Davos Seaworth is also Lawful Good, being unquestioningly loyal to his Lawful Neutral lord but also shown to be personally interested in his well-being, and is willing to go against his superior if it means keeping said lord clean from doing evil.
Another example of a Lawful Good character from this series is Brienne of Tarth, a female Knight in Shining Armor who is willing to risk life and limb to fulfill an oath she has taken or to protect innocent people, despite the fact that she lives in a Crapsack World dominated by dishonorable or even outright evil men and gets little respect or glory for it.
Amara in Codex Alera is an unfailingly lawful individual, who honors her word, possesses Undying Loyalty to her liege and the Realm of Alera note Until the events of Captain's Fury, where Gaius doesn't so much Shoot the Dog as erupt a volcano underneath it, and exceptionally just and kind, to the point where upon learning an enemy spy's daughter is being held hostage by said spy's ruler, Amara immediately offers to help rescue the child, on the grounds that it is the right thing to do. Making this especially interesting is that Amara is a Cursor (read: spy and assassin) but manages to prove that one can be such while still remaining Lawful Good.
Carrot Ironfoundersson embodies this trope with every fiber of his being; treating the law as gospel and implicitly believing that nobody is above it.
As a prime example of how Character Alignment is only part of character, rather than the whole of it, Samuel Vimes is also Lawful Good, albeit of a very different sort than Carrot's. Despite being arguably the most cynical and misanthropic bastard in the series, Samuel Vimes is also one of the most moral people in the series. The law is the rock to which Vimes clings in a world that makes no sense to him — when demons possessed him, he kicked them out of his mind by sheer force of Lawful Good, and created the Guarding Dark. He does things by the book (well, mostly) and gives people their due process.
The Librarian is another example of a Lawful Good Discworld character. The fact he knows when to exploit the loophole that apes are seldom mentioned in Lawful codes of behavior, or to fudge the rules of the Librarians of Time and Space for a good cause, is one of the reasons he's the most popular member of the UU faculty.
Hufflepuff House fits this to a tee. Their core values are loyalty, friendship, and fairness.
Hermione starts off as Lawful Good and eventually changes to Neutral Good.
Kingsley Shacklebolt is also this for the most part, as he uses his position within the Ministry of Magic to help the Order of the Phoenix. Rufus Scrimgoeur is a clearer example. He believes very strongly in the Ministry and is occasionally distrusting of Neutral Good Harry and Chaotic Good Dumbledore, but unlike Fudge, he clearly sees Voldemort and his minions as a problem and uses his position to fight the Death Eaters to the best of his ability - often going a little too far, in fact.
Percy Weasley is also a pretty good example of this trope. At least he ends up being so. He is Lawful Neutral (a mixture of type 1 and 2) for the most of the series.
The core attribute of the Heralds of Valdemar as an organization (individual Heralds are often Neutral Good or Chaotic Good, however). The Kingdom of Valdemar is very strongly lawful, but also absolutely committed to benevolence. One of their core axioms, especially as regards religion, is "There is no One True Way". The primary function of the Companions is to help prevent any drift into Lawful Stupid and they have been pretty successful at it for centuries. The Heralds themselves, while not Paladins in the classic sense, often behave in a similar manner. More recently, the formerly villainous nation of Karse has also been dragged back in this direction by their Lawful Good god, who got fed up with his worshipers and needed them to get back into shape on a tight timetable due to an impending disaster.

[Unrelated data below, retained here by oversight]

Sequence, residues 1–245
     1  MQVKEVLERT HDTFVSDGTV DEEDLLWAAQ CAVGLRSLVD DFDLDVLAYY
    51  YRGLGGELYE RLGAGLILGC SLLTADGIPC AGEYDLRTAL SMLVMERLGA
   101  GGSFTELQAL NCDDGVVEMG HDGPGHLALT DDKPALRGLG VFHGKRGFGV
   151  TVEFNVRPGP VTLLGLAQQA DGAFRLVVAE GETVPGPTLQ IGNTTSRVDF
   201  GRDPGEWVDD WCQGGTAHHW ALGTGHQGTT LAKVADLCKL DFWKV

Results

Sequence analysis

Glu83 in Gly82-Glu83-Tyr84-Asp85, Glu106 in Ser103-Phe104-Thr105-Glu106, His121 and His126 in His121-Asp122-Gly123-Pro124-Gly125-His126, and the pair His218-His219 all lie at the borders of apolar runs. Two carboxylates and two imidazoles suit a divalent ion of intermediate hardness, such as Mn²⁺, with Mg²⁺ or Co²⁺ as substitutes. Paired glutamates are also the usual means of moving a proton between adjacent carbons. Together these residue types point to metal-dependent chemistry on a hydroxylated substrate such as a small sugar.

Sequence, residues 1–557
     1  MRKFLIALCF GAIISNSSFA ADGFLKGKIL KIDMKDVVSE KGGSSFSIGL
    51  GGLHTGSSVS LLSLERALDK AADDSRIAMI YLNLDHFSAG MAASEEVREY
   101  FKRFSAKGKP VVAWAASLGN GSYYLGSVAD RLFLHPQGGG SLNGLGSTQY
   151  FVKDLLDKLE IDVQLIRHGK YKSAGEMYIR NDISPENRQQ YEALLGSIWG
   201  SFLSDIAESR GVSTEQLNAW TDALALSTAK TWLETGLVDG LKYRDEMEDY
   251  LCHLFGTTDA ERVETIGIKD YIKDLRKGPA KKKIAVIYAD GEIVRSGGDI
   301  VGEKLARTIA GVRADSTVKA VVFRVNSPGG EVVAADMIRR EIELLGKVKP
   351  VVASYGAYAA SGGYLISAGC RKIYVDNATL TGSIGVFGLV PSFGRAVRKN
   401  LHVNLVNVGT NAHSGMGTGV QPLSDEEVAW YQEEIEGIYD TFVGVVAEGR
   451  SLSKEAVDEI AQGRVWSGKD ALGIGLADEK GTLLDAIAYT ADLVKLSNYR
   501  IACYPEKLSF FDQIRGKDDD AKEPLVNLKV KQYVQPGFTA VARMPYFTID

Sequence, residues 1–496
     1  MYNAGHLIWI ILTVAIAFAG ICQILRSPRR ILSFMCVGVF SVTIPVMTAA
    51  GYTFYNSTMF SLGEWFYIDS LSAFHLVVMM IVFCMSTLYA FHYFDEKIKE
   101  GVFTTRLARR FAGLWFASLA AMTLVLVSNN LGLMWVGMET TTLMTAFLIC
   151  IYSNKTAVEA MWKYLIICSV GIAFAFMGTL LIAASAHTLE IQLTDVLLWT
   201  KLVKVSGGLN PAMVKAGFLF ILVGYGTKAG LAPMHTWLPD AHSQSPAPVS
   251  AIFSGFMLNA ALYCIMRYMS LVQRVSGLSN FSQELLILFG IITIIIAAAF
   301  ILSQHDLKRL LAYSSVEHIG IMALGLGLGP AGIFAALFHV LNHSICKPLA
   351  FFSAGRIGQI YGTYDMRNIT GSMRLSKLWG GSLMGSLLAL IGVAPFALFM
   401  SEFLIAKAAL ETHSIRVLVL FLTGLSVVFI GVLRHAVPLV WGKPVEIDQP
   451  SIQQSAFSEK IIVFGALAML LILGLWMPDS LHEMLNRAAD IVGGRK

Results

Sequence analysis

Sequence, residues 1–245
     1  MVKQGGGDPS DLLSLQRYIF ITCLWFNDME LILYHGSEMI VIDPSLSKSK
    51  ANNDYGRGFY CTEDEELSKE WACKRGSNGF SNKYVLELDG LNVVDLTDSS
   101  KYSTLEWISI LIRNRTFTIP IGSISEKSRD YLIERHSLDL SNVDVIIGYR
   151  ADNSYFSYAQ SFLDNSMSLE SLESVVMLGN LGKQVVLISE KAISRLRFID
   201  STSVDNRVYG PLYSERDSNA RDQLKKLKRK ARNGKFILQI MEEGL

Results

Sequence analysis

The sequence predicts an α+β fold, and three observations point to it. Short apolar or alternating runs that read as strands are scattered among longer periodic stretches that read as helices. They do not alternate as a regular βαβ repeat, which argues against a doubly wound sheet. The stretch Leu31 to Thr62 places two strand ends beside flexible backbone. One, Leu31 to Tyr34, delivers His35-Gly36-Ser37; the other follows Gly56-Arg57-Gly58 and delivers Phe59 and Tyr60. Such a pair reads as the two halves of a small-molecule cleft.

Judge Dee is definitely of this alignment. Indeed, in his dedication to the Law and Confucian morality he may well incarnate it. The ambiguities of the real world sadden him but do nothing to change his alignment.
Roland Deschain of The Dark Tower novels sees himself as this, and does try to live up to the standards of Lawful Good, though in practice he often strays into Neutral or even Chaotic territory if faced with a situation which demands that he set aside his morals in order to achieve a goal. He always regrets the need to act outside of the Lawful Good alignment, but this never stops him from doing it when he deems it necessary.
Dalinar Kholin of The Stormlight Archive is a Lawful Good aristocrat in a society where almost all aristocrats are corrupt and self serving. He follows the ancient Codes of leadership which have otherwise been forgotten and ultimately gives up his (extremely valuable) magic sword in order to buy the freedom of a bunch of slaves because he'd promised he'd free them. Kaladin is also Lawful Good, although more of the "personal code" variety since he hates the entire aristocracy essentially unilaterally. Also, his sidekick Syl is an honorspren, essentially a spirit of lawful goodness.
Galad Damodred in The Wheel of Time series continually puts good in front of every other motivation, even going so far as to join the Children of the Light, believing that this is the best way to help people see the Light. He's not the only one:
Many of the Andoran characters are this alignment, including (to various degrees), Morgase, Elayne (especially since returning to Andor), Gill, and Tallanvor.
A number of the duopotamians tend towards law as well, notably Egwene and Perrin. Rhuarc, Amys, Aviendha, Gaul, Bain, and Chiad are all Lawful Good.
Others include a number of the Borderlanders (like Lan and Agelmar), various Aes Sedai (Pevara and Silviana come to mind, as does Siuan, especially in the early books), and much of the more sympathetic nobility such as Darlin.